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Having Trouble? On Snags Met In Canary Rooms PDF Print E-mail
Sunday, 31 May 2009

ImageThe average time taken by hen a canary to complete incubation is 13 days. For example, if a hen began to sit on her eggs on June 7, the chicks should hatch out on the 20th.  This period may vary, however, according to the number of eggs for it is a common practice among breeders to remove the first three eggs as they are laid, and return them to the nest on the evening that the third egg is deposited.

Therefore, should a fourth or fifth egg be laid, these may well hatch on the 21st or even the 22nd.  I stress this point because many beginners in the Fancy become impatient to see their newly hatched chicks, any interference with either nest or eggs at this important stage could prove disastrous.

It can usually be ascertained whether hatching has occurred, the front of the cage, if the expected has happened, faint cheeps will be discernible.  Failing this, one should take a look when the hen is off the nest.

Never flush a hen from the nest in order to gain this information, for by doing her confidence in you will be lost, and this may also cause her to cover the chicks too tightly and also to neglect feeding them.

I know that there is many different systems advocated for the successful rearing of young Canaries, but I will only outline my own method, which I have used successfully over the past 20 years.

On the evening before an egg is expected to hatch out, half fill two basins with mixed seed and pour in water until the seed is just covered.  The amount of seed can, of course, be varied according to the number of hatchings to be catered for.  After completing this operation attention can be given to the pairs expecting chicks.

Begin by offering a quarter of a teaspoon of pure yolk of hard-boiled egg, which has first been passed through a fine meshed tea strainer or sieve.  Provide this same quantity both morning and evening on the first two days.  On the third day, a little chickweed or other green food can be offered at midday, and form the fourth day some of the white of the egg can be included with the yolk together with an equal part of a proprietary rearing food, and add a little water just to make it crumbly moist.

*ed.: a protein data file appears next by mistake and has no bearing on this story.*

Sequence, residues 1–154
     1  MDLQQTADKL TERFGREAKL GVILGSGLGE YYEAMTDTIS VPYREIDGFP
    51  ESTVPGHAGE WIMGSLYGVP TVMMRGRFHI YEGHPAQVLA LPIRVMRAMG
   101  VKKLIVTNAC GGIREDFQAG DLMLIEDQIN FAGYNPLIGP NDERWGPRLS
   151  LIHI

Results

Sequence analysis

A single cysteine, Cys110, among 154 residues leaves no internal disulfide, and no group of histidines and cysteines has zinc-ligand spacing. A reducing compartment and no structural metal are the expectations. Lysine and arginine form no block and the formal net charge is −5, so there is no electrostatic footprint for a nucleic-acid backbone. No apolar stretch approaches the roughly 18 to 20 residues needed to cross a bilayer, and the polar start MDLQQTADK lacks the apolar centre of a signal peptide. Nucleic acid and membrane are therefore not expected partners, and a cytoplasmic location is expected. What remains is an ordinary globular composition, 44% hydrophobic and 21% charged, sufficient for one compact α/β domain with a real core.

From midday of the fourth day, a pot of soaked seed should be given in addition to the green food.  As the chicks grow so the amounts can be increased.

On this diet young will develop quite rapidly fully feathered at 15 days old.

During the first three days after hatching, it is wise to make a quick inspection of the floor on the cage to make sure no chicks have been pulled from the nest accidentally.  If this should occur, and upon picking up a nestling you will find that it feels cold and lifeless, it may be resuscitated by placing it in your cupped hands and breathing gently between the two thumbs for a few minutes until the chick gets really worm.

If a spark of life is present it will be rekindled and slight movements will be felt.  When these become stronger, the chick can be returned to the nest where the hen will “complete the cure”.

Always count the chicks when they gape to be fed, especially if there are five in the nest.  If you look closely when the hen is feeding her brood you will notice that four of the five youngsters always get the lion’s share while the youngest, although it gapes to be fed, is ignored completely.

There are two possible courses of action that can be taken if this happens.  One is transfer the chick to another hen that has three chicks of the same age, and the other is to use a hand feeder until the chick is strong enough to complete with its nest mates at feeding time.  Of the two alternatives I prefer the former, as this does not involve any interference with the nest.

One of the first signs that all is not well in the nest is the condition of the chicks’ covering of down, which should appear soft and fluffy.  It this presents a damp appearance and the chick display a hint of sluggishness when the hen offers to feed them, it is well to suspect the trouble.  A new nest should be constructed in a spare nest pan and the youngsters transferred to it immediately.

If a dead chick has been the cause of the trouble it will be found flattened on the bottom of the old nest.  The warmth from the brooding hen can quickly promotes decomposition and if speedy action is not taken the remaining chicks may well be lost.

By R.W. Nash

 
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